The mandate of the Public Interest and Accountability Committee (PIAC) should be reviewed to include the other natural resource revenues if the creation of a similar institution would be seen as a duplication of function, tax governance expert Mr. Abdallah Ali-Nakyea has proposed.
PIAC, established by the Petroleum Revenue Management Act, 2011 (Act 815), is tasked with the oversight responsibility of monitoring and evaluating management of Ghana’s petroleum resources by government and relevant stakeholder institutions.
But owing to how the mining sector revenue has been managed over the years, many industry experts and civil society groups have insisted the creation of a ‘policing’ institution like PIAC will significantly deepen accountability and improve its utilisation.
For instance, the mining industry accounts for 5 to 10 percent of Gross Domestic Product (GDP) and 45 percent of total exports – with gold alone contributing 90 percent of total mineral exports.
While Ghana is said to be Africa’s 2nd largest gold producer and 10th in the world, some US$17billion in value was invested into the mining sector between1983 to 2016 – and it has become highest gross foreign exchange earner.
In 2014 and 2016 alone, Ghana produced about 249 metric tonnes of gold which was equivalent to about 8.1 million ounces.
Furthermore, the minerals sector is rated as one of the highest contributors to Ghana Revenue Authority (GRA) and formed 16 percent of government’s revenue – Domestic Tax – in 2016; and also raked in GH¢1.46billion of GRA’s Total Direct Taxes in 2012, according to the Ghana Chamber of Mines.
However, notwithstanding the lack of accountability in using these revenues for development of the country, others consider that setting up another body to look into revenue management of the mining sector will be a duplication of function.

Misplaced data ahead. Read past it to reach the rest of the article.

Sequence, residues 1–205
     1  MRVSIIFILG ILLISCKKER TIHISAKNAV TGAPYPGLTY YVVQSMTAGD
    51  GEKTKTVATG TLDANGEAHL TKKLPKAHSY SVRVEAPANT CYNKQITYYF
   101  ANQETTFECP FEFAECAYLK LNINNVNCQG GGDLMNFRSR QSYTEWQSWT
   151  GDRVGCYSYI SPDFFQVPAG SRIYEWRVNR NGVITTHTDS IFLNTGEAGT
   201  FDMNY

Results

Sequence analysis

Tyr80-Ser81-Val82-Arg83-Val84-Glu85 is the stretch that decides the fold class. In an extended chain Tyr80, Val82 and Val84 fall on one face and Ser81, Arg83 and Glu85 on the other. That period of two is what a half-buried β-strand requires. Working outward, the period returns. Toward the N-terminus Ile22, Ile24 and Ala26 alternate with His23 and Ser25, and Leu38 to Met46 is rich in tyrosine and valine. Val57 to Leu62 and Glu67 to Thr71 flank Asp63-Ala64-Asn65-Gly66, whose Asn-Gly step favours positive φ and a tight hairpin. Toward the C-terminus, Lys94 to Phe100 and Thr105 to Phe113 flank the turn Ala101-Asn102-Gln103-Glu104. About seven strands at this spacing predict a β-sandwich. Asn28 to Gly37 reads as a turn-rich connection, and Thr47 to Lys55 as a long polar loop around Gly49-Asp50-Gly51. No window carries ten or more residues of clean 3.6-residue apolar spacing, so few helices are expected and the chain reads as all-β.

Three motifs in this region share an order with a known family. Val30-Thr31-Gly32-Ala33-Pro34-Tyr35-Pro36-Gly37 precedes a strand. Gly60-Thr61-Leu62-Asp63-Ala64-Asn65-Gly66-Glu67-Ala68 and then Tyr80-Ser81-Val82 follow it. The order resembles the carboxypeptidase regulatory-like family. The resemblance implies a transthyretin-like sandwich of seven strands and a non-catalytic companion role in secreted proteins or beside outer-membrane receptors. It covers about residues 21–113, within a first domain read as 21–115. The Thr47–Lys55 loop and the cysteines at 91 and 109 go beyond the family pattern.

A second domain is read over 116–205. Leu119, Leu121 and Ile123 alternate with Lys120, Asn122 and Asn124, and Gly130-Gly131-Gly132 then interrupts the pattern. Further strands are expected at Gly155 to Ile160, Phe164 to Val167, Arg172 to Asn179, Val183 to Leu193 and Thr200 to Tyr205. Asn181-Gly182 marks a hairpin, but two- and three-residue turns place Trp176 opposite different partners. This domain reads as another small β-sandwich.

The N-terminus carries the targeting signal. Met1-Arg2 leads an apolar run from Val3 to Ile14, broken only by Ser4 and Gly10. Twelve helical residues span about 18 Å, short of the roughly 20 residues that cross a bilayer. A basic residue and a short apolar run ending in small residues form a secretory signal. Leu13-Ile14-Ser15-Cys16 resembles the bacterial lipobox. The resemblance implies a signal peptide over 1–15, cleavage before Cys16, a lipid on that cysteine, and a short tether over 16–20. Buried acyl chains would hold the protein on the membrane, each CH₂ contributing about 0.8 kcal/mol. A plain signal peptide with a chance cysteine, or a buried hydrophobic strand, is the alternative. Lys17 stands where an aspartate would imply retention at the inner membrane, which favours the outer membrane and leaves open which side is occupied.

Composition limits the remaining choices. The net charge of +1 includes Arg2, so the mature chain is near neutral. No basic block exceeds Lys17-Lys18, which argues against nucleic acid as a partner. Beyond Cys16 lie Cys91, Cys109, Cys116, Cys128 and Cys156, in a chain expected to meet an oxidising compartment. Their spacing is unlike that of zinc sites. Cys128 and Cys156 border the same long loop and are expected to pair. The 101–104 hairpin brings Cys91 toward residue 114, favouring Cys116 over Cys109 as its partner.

Alternatively, Ali-Nakyea said, PIAC should be empowered by a reviewing the Act that brought it into being, and others, to make it responsible for the entire natural resources revenue.
He explained that: “If we do not want to establish another body, we could add it to the functions of PIAC,” to be seen as having the responsibility of accountability and interest in the natural resource sector, thereby making its mandate broader.
He said the work of PIAC “bringing to the fore the lapses in the use of petroleum revenue is enough sensitisation” of the Ghanaian public and remains a key achievement of the Committee – contradicting a certain perception that the Committee is powerless if it is not able to sanction wrongdoers.
Otherwise, he suggested, the enactment of a comprehensive mineral revenue law similar to the PRMA to replace the Minerals Development Fund Act, 2016 (Act 912) – taking into consideration the peculiar context of mining.
He further added that a Mineral Revenue Holding Fund should be established with a clear distribution formula for distributing mineral revenues between central government and the communities.
“The community share of revenues should be transferred to the District Assemblies for community development – and disbursed in the same or progressively revised manner as currently enforced under the Mining Community Development Scheme in Act 912.”
Among other recommendations, he clarified that: “Provision should be made for the establishment of sovereign funds, including a Sovereign Mineral Fund, and stabilisation and heritage funds”.
The renowned tax consultant made this pronouncement in an interview at the backdrop of a workshop organised by the Institute of Financial and Economic Journalists (IFEJ) with support from GIZ, on ‘Addressing shortfalls in mineral revenue management’, in Koforidua.
Ali-Nakyea also noted that: “While tax incentives to some extent may encourage investment in the country, it appears that, thus far, tax incentives are doing more harm than good”.
He explained that tax incentives which are not properly managed provide an avenue for tax avoidance and tax evasion schemes.
“The tax revenue losses from tax incentives come from two primary sources: first, forgone revenue from projects that would have been undertaken even if the investor did not receive any tax incentives; and second, lost revenue from investors and activities which improperly claim incentives or shift income from related taxable firms to those firms qualifying for favourable tax treatment.”
An additional revenue cost of tax incentives results from erosion of the revenue base due to taxpayers abusing the tax incentive regimes to avoid paying taxes on non-qualifying activities or income.
Revenue losses, he opined, can also arise where taxpayers disguise their operations to qualify for tax benefits.